By and large, what human being want is resurrection without death, answers without doubt, light without darkness, the conclusion without the process . . . When the Spirit is alive in people, they wake up from their mechanical thinking and enter the realm of co-creative power.
Richard Rohr, The Divine Dance, p. 146
In my professional life over the last 30 years I worked in the field of cultural heritage where I published a bunch of articles and some books. A couple of years ago I noticed that the past half-dozen or so pieces I published had the word “co-creative” in the title. I am rather evangelical about cultural heritage professionals co-creating with a community to meet the expressed need of that community. When I see the word “co-create” in any context, I usually take note, such as the Richard Rohr quote above.
My sobriety and recovery in general is very much a co-creative affair. My expressed need is sobriety/abstinence that is co-created with the support of other folks, organizations, or entities who can provide their experience, strength, and hope. As in my professional world when working with communities, if I am not willing or interested in “co-creating” that recovery, it ain’t going to happen.
That is the obvious and simple part of lesson.
The more exciting part is the end product of co-creation. In the museum world, when the process is truly co-creative and based in the community interests, and not what I perceive to be their interests, the end results are richer and more rewarding than anything I could dream up on my own. In a similar way in sobriety, through living in the process over the years, and co-creating with the resources provided by so many others, and not just going on my own, I am amazed at the possibilities recovery has brought. I so distinctly remember laying in that detox ward on August 4, 1984, wanting only to somehow function on a day-to-day basis in the real world. The years have brought me so much more.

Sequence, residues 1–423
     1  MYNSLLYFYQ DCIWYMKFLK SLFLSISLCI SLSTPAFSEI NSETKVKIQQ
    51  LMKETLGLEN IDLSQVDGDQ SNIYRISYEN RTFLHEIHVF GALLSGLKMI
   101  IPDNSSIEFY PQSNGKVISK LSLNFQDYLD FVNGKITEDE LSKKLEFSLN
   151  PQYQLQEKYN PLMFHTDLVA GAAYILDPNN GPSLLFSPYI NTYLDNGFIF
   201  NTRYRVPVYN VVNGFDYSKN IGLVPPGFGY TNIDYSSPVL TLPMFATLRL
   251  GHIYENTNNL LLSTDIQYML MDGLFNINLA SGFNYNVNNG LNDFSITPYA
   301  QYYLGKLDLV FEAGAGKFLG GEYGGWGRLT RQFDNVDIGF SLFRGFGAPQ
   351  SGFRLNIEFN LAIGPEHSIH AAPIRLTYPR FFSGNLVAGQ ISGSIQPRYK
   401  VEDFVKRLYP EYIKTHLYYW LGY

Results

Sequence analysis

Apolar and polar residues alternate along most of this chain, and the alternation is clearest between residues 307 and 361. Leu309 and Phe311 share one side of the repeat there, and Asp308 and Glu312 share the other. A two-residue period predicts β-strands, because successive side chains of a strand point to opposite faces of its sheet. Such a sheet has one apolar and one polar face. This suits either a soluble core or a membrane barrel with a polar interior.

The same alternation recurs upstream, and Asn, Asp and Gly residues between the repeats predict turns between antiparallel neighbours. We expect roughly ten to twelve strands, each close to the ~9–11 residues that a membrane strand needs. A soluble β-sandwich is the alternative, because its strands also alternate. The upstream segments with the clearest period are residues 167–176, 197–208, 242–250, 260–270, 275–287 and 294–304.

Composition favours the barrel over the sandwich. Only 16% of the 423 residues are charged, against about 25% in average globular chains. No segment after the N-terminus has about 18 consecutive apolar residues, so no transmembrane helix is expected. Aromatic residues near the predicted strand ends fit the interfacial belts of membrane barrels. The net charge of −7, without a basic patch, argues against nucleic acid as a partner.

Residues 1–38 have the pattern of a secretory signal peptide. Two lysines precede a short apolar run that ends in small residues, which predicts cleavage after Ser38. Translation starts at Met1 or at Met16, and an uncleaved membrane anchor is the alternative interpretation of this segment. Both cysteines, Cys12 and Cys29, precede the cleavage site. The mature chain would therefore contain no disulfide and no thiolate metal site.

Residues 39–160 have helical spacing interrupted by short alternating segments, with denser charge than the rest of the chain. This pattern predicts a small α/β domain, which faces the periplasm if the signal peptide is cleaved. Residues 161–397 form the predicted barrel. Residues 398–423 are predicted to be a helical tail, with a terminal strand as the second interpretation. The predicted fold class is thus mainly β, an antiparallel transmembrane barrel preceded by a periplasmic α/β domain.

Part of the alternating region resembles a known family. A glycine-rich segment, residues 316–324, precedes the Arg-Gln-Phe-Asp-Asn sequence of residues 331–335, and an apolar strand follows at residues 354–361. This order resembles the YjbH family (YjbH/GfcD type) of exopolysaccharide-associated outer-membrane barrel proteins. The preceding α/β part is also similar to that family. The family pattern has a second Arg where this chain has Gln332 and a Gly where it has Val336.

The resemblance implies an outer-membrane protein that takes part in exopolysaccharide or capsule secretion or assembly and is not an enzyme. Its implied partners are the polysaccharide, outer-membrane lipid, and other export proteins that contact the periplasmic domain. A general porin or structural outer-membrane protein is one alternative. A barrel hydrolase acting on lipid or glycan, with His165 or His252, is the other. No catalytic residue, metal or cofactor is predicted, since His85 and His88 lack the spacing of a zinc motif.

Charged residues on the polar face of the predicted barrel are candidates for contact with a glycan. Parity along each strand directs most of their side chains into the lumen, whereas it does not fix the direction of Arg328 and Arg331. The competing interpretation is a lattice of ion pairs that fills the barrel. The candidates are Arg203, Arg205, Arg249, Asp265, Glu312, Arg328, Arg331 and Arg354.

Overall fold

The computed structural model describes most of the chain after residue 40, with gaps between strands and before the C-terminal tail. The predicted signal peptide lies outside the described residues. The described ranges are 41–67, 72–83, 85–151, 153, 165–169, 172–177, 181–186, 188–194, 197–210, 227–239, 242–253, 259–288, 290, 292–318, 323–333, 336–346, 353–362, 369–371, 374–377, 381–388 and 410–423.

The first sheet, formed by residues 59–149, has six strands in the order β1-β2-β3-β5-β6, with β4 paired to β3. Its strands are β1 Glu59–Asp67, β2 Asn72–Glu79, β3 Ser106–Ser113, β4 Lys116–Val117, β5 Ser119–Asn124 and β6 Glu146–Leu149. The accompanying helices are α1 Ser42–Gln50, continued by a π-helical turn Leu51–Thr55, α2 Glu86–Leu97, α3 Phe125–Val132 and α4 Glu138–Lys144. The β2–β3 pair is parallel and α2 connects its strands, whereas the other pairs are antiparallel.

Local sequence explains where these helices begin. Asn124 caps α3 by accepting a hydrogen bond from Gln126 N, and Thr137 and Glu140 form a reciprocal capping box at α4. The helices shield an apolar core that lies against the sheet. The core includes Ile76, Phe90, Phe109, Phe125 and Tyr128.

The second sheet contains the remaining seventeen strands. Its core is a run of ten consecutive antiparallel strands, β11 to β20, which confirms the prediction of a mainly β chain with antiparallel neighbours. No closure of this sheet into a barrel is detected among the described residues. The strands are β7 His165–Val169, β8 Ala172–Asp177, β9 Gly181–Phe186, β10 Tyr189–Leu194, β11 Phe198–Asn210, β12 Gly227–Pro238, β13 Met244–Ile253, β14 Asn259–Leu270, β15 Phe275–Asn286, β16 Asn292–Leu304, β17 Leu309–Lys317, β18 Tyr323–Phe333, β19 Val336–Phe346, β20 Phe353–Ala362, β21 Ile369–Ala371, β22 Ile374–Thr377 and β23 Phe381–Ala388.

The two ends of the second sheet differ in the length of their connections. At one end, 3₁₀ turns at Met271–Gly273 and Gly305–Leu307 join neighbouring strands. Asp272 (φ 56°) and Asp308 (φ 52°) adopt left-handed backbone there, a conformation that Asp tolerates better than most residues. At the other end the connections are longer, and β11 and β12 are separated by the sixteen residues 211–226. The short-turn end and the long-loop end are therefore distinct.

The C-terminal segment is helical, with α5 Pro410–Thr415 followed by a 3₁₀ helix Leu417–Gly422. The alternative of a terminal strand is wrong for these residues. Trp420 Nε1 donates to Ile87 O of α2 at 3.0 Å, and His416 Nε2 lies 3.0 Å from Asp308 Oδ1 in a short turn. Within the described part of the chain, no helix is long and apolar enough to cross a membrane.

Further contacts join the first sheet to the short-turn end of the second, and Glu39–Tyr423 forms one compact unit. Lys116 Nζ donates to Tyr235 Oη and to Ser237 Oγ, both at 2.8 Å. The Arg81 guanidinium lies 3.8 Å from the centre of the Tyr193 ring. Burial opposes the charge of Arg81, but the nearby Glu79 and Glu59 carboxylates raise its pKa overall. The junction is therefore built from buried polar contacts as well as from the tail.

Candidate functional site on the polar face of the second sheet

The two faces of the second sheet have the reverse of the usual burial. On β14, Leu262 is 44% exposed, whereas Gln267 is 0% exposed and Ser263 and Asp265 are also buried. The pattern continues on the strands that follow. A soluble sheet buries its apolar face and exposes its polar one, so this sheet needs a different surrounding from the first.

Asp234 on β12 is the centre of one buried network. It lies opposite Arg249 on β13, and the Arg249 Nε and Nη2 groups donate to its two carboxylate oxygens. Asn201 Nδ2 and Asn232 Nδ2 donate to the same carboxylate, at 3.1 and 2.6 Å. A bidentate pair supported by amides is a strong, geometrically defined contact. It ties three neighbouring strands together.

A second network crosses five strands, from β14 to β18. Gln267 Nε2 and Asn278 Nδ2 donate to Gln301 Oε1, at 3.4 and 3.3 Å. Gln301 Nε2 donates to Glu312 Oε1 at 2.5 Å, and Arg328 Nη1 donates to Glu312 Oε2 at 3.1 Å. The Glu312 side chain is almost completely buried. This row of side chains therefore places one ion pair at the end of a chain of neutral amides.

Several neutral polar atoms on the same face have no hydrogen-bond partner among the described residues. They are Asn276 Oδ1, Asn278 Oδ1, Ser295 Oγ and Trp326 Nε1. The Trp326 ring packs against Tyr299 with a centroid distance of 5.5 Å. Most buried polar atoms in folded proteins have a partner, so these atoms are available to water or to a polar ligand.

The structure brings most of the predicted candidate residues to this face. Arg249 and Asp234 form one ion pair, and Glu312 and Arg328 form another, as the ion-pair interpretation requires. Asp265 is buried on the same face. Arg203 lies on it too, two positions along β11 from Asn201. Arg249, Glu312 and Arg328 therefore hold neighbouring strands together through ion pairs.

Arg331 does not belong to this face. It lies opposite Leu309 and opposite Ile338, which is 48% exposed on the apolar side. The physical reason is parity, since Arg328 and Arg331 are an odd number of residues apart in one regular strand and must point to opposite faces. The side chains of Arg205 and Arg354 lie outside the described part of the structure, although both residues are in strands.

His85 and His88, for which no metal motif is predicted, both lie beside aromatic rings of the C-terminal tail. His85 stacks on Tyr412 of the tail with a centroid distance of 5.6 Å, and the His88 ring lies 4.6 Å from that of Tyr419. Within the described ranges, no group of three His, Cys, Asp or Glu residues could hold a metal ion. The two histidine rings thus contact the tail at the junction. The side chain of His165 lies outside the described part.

As the title of this blog clearly states, I too have learned that recovery is a process and not an event. I remember an experience in my first year of sobriety. I was desperately waiting for a situation to resolve itself. At the time, I recalled that in the past I would have just gone out and drank over the issue. But, I also thought that if I just stuck it out sober, I would learn from the experience and the next time would be easier to get through the same thing without drinking. That insight in year one of sobriety proved so incredibly true, particularly in three decades of hindsight.
What I have learned over the years is that if I trust in the process, live into the process, not as an isolated being, but as part of a luminous web of interconnected co-creating humanity, I stay on the recovery road, with all of its blessings and responsibilities.